Last week I attended the Valuation Roundtable of San Francisco’s 26th Annual Seminar with keynote speaker Aswath Damodaran, Ph.D. Damodaran is a highly respected Professor of Finance at the Stern School of Business in New York University. During the event, Damodaran went over what I thought was the most interesting topic of the day - the myths around valuation. It was eye opening to see how many variables can affect a business valuation.
Myths as quoted from Damodaran’s presentation:
Myth One: A valuation is an objective search for “true” value
Truth: All valuations are biased. The only questions are how much and in which direction.
Truth: The direction and magnitude of the bias in a valuation is directly proportional to who pays the valuator and how much that valuator is paid.
To expand on this myth, Damodaran gave an example of a recent company acquisition. According to him, the buyer hired a valuation firm to determine the value of the intended acquisition while the seller hired their own firm to do the same thing. When the two firms came back they presented significantly different results. In the end a third party was brought in and conveniently landed with a number right in the middle of the first firms numbers.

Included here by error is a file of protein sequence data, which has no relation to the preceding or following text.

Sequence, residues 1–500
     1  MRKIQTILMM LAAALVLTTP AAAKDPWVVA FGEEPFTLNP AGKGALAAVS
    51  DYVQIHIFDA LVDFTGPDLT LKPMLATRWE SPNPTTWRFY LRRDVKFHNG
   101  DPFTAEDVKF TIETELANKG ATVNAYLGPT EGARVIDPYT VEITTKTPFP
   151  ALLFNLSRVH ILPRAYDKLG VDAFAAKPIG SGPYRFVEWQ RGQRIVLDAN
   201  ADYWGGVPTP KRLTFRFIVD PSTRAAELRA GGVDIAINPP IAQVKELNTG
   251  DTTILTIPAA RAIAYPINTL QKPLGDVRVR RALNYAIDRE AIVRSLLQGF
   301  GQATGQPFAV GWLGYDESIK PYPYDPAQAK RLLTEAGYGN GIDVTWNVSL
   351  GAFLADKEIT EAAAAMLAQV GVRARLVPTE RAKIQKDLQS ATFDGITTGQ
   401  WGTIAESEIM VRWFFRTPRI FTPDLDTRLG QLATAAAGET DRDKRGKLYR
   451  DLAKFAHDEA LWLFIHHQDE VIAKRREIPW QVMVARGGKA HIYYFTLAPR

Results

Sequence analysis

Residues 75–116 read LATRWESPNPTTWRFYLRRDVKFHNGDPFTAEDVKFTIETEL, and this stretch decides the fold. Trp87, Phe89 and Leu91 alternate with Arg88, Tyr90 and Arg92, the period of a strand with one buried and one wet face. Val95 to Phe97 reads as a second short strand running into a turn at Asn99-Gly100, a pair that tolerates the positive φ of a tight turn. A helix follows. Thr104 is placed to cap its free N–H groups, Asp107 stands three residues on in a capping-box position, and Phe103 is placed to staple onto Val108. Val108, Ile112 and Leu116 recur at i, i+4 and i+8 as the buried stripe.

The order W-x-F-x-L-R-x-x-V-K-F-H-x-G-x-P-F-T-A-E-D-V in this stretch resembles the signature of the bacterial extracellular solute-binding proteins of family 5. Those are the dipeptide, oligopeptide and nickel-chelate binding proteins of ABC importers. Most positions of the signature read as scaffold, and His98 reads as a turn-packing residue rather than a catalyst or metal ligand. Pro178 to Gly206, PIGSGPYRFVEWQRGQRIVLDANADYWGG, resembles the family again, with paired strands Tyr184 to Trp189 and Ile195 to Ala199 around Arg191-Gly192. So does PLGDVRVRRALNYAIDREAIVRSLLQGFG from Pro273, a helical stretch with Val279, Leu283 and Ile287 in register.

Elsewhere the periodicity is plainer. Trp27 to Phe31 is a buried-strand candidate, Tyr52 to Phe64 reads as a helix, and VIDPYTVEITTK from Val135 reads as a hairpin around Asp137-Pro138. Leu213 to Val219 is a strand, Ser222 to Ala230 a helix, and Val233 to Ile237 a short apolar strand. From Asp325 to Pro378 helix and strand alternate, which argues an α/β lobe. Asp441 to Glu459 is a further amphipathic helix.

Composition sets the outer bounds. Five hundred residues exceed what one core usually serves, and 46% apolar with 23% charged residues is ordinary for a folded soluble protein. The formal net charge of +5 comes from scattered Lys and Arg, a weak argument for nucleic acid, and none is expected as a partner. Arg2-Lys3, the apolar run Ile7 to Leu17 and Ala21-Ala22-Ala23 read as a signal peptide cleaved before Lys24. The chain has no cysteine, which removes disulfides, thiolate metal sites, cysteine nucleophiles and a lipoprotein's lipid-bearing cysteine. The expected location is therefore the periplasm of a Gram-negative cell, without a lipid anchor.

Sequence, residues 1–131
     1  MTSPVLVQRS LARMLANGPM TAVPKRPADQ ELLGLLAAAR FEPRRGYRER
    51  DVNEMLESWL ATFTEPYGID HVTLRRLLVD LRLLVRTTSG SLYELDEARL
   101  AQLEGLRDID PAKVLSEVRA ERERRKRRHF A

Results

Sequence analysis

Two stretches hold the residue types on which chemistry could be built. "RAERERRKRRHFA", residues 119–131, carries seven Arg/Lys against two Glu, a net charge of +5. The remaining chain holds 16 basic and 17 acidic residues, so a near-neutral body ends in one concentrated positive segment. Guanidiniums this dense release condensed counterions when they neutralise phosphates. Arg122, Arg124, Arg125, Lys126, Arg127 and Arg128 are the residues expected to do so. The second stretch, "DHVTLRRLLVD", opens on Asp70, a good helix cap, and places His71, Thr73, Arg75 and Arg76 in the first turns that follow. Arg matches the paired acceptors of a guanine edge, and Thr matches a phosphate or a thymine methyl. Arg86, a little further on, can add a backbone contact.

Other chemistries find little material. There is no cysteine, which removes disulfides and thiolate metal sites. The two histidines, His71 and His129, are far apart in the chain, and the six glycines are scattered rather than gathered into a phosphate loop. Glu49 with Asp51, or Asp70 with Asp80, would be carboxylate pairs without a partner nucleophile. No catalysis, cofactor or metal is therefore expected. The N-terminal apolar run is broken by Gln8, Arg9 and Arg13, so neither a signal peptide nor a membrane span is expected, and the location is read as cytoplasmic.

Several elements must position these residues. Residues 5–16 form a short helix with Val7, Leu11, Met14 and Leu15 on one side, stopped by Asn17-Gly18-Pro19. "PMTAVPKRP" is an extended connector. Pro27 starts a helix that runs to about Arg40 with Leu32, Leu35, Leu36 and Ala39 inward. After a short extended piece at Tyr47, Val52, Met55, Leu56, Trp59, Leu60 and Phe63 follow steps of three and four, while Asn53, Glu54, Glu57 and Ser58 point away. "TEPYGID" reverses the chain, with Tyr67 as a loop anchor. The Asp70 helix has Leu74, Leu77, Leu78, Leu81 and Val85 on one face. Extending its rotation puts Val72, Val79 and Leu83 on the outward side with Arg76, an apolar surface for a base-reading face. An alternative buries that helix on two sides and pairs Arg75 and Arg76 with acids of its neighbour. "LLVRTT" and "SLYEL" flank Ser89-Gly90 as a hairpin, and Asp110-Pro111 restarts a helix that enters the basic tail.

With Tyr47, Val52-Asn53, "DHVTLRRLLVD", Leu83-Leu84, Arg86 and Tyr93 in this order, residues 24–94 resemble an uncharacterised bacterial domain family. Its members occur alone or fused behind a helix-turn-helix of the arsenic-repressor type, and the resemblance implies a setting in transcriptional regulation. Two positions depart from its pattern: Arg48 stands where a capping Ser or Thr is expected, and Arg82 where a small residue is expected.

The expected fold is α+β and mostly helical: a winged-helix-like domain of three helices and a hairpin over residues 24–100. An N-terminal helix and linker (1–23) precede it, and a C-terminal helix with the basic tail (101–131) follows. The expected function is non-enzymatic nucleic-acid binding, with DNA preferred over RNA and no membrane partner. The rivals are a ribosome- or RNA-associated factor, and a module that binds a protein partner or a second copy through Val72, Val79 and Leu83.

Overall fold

Myth Two: A good valuation provides a precise estimate of value
Truth: There are no precise valuations.
Truth: The payoff to valuation is greatest when valuation is least precise.
Value estimates are projected with “everything is going to go as planned” in mind. There is no way to predict whether an outside occurrence will affect value three years down the road. There will always be a level of uncertainty so valuation professionals, even if completely off on their initial values, are never really “wrong” with their assessments.
Myth Three: The more quantitative a model, the better the valuation
Truth: One’s understanding of a valuation model is inversely proportional to the number of inputs required for the model.
Truth: Simpler valuation models do much better than complex ones.
Damodaran says less is more. Complex models can lead to input fatigue and cause problems with the value outcome. He advises other professionals to aggregate and consolidate in order to make much more simple models to follow.